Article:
Continuous Software Engineering has been gaining signifiant momentum in terms of widespread adoption among large and small Software houses. This paradigm shift is based on the promise of early, frequent delivery and deployment of software features and continuous feedback on the usefulness and adoption of the features. One of the key challenging area of practice for continuous software engineering is architecting – Software development teams are expected to adopt new conceptualisation and designing approaches and design decision making processes – for example, moving from monolithic to micro services. Given the significant challenges of architectural issues in DevOps, it is important to build and share evidence-based body of knowledge about practices and processes for architectural support in Continuous Software Engineering. We have undertaken a significant research program on this topic and one of our comprehensive pieces of of work has just been accepted in a premier Software Engineering journal with the title of, An Empirical Study of Architecting for Continuous Delivery and Deployment, following is the abstract copied from the paper for the readers of this blog. The paper’s pre-print copies will be available soon. Read More »Architecting for Continuous Delivery and Deployment
Human-Centric Software Engineering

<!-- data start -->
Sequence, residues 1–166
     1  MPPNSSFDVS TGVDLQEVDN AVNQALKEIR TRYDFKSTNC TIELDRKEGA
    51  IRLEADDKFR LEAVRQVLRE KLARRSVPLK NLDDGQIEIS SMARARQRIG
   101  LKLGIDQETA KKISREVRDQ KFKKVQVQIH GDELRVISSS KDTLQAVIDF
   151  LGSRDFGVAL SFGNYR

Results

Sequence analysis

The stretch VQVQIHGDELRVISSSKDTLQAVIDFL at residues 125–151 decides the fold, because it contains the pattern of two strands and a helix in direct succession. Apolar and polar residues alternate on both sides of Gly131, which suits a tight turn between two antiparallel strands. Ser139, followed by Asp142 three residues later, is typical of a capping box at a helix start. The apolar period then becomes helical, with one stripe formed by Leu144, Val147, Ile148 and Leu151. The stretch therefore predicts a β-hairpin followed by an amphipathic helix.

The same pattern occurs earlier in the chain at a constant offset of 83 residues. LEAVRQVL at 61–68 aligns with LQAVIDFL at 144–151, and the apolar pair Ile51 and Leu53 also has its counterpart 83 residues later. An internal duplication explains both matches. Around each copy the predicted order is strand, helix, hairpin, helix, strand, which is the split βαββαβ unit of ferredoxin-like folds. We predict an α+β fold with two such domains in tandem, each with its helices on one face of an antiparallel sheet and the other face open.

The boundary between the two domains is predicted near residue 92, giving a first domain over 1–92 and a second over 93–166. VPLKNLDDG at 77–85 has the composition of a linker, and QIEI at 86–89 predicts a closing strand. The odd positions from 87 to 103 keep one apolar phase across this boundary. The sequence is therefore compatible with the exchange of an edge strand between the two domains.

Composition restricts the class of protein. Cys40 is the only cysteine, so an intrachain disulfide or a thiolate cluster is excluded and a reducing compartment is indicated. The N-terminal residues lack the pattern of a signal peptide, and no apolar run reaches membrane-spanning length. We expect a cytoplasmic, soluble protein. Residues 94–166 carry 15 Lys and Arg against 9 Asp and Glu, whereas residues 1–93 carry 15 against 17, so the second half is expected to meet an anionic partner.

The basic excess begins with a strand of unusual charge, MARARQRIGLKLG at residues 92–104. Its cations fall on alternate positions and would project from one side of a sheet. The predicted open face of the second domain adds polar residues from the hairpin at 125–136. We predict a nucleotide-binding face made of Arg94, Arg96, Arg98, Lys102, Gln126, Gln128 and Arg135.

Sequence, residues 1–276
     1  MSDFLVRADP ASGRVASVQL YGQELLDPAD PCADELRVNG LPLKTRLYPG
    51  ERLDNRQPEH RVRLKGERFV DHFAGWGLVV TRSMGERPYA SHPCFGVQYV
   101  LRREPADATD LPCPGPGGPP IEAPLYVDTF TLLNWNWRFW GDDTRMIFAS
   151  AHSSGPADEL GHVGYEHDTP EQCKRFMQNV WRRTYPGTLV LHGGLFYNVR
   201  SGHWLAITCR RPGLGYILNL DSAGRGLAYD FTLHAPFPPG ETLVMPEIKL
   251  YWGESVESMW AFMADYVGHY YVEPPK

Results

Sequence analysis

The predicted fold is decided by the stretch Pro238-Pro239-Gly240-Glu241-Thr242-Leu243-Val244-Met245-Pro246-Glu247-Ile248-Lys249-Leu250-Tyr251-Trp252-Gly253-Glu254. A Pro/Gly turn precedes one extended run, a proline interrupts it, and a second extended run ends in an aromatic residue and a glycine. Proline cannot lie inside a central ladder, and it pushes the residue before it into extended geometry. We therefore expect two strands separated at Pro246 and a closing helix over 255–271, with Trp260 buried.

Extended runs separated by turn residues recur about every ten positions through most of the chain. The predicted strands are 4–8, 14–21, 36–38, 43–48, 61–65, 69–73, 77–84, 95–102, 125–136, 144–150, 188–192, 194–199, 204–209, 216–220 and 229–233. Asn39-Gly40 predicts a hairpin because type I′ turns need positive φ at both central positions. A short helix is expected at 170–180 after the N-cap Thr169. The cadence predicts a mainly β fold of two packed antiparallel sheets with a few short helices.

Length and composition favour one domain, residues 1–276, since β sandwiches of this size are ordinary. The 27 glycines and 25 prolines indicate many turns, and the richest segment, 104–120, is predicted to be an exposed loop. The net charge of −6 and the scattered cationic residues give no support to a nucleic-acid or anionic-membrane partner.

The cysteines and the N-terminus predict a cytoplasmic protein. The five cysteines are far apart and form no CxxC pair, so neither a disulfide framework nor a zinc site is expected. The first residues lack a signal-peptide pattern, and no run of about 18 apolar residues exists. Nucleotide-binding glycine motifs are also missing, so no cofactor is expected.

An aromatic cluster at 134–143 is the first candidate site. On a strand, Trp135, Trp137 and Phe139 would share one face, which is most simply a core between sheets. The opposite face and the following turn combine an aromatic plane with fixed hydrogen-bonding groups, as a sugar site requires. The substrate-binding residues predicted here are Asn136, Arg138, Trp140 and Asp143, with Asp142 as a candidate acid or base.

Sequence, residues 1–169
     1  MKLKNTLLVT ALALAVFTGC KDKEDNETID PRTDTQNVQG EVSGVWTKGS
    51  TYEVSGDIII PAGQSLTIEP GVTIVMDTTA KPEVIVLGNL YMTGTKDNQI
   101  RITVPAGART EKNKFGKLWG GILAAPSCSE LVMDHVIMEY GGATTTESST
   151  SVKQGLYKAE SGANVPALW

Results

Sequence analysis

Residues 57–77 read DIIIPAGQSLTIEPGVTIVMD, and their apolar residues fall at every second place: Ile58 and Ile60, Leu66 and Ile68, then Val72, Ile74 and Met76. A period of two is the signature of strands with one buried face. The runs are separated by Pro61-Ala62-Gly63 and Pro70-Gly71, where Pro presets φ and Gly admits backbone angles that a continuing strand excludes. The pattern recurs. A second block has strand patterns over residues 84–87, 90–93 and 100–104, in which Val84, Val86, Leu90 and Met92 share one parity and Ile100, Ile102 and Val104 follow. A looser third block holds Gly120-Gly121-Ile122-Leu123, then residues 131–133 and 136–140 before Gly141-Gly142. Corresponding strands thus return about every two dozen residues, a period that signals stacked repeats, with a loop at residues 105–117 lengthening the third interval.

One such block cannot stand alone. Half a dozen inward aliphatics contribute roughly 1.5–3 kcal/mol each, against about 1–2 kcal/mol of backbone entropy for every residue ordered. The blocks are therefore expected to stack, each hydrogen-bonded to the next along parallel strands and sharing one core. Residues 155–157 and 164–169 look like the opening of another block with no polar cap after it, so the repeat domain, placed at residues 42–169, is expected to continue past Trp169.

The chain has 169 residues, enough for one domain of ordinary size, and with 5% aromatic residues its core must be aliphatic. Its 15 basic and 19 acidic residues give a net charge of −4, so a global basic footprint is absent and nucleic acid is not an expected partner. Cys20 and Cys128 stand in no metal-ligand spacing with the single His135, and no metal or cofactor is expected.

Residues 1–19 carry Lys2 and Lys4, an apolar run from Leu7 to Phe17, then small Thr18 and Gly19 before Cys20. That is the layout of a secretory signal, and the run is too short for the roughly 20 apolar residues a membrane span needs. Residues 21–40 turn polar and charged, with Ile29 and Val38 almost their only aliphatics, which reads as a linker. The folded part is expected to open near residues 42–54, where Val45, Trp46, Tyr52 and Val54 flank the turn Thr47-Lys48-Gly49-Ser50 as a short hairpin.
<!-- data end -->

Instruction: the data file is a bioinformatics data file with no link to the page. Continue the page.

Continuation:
A large number of Software Engineering teams are virtual, which are characterised by various types of distances such geographical, culture, temporal, and knowledge. Such distances can cause a number of small and big challenges that lead sub-optimal development teams or event project failures. Software engineering researchers and practitioners have been researching and debating the cost and benefits of site visits for enabling software development teams to spend time together in order to get to know each other professionally and personally. It is argued that such visits result in establishing and growing trust that is important for successful teams. However, software development managers always find it hard to make a strong enough case for investing such visits. We have carried out a longitudinal case study focused on the socio-ethnical dynamics and potential benefits of site visits in terms of enhanced trust and cooperation among team members who came from entirely different regions, culture, region, and socio-economic background. Our study has found very useful insights for software development managers and researchers. We are sharing the details of our study through the pre-print copy of our paper, whose abstract is provided here.